How to Make Close Friends (and What to Look for)

If you feel like you’re the only one struggling to make close friends, you’re not alone. In fact, loneliness has hit epidemic levels in the U.S., now affecting over 60% of adults. Young people are twice as likely to report feeling lonely than older adults.[1] Friends are important for anyone hoping to have a happy and fulfilling life, and close friendships play an especially big role in that equation.

Developing close friendships takes time and effort, and not everyone you pursue will become your BFF overnight. Still, the more of an effort you make to connect with a variety of people, the more likely it is you’ll develop at least a few close, strong friendships. This guide will show you how.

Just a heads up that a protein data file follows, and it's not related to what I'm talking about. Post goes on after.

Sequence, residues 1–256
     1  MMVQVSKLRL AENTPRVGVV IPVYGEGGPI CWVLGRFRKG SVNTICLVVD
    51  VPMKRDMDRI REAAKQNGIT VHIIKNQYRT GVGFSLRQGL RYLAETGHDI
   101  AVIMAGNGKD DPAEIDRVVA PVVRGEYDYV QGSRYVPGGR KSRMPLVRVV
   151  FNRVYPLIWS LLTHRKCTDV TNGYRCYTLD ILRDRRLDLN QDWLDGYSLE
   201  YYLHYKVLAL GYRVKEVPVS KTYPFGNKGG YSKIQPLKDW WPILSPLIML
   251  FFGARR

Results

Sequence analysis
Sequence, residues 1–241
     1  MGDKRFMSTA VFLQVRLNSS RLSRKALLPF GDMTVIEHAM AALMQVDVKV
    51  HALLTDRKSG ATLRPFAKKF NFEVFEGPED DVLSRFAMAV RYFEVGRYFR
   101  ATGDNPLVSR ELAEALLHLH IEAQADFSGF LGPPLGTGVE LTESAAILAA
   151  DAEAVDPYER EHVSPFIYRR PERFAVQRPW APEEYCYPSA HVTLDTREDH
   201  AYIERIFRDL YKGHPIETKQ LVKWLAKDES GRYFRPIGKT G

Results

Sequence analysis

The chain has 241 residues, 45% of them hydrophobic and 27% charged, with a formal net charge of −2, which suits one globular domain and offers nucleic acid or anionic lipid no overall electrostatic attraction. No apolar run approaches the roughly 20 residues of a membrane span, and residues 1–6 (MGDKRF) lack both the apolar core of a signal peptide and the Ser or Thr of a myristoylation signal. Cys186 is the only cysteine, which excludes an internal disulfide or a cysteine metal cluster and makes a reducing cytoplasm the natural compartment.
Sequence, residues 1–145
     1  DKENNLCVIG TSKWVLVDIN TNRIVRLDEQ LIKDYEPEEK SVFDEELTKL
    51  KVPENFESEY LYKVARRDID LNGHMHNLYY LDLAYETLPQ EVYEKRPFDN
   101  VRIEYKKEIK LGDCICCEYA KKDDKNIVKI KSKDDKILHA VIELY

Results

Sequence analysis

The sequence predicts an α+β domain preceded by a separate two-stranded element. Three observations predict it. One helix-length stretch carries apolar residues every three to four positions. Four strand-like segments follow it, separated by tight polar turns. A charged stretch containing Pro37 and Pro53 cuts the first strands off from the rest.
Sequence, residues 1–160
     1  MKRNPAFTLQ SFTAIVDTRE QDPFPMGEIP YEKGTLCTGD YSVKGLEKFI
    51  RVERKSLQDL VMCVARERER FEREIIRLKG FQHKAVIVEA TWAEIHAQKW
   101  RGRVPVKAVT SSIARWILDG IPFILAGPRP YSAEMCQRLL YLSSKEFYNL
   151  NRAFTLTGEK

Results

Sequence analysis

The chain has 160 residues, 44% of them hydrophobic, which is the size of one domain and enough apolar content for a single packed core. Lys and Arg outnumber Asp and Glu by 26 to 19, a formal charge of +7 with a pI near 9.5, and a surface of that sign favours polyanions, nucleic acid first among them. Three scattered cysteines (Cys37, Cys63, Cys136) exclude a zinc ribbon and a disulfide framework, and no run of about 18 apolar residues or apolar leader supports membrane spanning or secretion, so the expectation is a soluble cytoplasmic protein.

1. How do people make close friends?
  2. What to look for in a close friend
  3. 10 ways to make close friends
  4. Evaluating potential friendships
  5. Common questions

How do people make close friends?

On average, most Americans have three or fewer close friends, and about 12% of people report having no close friends at all.[2] Most people form close relationships with the people they spend the most time around. That’s why friendships tend to naturally develop in high schools, colleges, workplaces, and between people who live in the same neighborhood.[3]

Still, not everyone who you see regularly will become a lifelong friend. In order for a friendship to form, there has to be a certain degree of similarity between two people. Being about the same age, having a similar lifestyle, or having common interests or hobbies are some examples of commonalities that can be a foundation for friendship.[4]